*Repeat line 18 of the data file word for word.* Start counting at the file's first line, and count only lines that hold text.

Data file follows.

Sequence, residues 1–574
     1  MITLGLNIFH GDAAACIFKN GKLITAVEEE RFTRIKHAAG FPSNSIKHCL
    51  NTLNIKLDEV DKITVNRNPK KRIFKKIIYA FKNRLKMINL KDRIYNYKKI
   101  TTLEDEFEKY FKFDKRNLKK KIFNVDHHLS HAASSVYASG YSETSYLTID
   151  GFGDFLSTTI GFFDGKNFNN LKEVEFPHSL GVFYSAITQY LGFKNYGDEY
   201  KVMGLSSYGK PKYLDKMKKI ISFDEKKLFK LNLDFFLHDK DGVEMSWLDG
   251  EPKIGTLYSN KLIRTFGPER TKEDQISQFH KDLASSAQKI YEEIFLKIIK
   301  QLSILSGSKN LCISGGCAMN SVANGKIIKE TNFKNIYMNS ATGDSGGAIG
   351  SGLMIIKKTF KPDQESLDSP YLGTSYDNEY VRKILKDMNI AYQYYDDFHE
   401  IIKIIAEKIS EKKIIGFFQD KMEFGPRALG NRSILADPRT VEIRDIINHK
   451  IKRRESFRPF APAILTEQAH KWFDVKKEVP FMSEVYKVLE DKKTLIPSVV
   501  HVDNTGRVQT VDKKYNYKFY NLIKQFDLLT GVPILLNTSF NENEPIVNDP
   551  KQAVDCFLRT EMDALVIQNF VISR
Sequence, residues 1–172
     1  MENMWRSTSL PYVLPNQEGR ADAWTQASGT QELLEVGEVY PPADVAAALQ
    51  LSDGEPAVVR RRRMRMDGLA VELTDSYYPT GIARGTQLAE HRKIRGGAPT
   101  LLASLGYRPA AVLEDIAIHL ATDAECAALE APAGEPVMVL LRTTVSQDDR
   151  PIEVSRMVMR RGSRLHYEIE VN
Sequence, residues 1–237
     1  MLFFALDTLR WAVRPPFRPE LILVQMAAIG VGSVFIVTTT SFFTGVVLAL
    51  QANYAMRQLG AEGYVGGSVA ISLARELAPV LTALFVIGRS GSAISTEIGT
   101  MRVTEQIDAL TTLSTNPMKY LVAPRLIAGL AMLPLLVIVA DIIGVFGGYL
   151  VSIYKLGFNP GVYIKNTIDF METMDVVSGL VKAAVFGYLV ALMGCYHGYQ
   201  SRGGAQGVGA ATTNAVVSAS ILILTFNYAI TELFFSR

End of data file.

   151  PIEVSRMVMR RGSRLHYEIE VN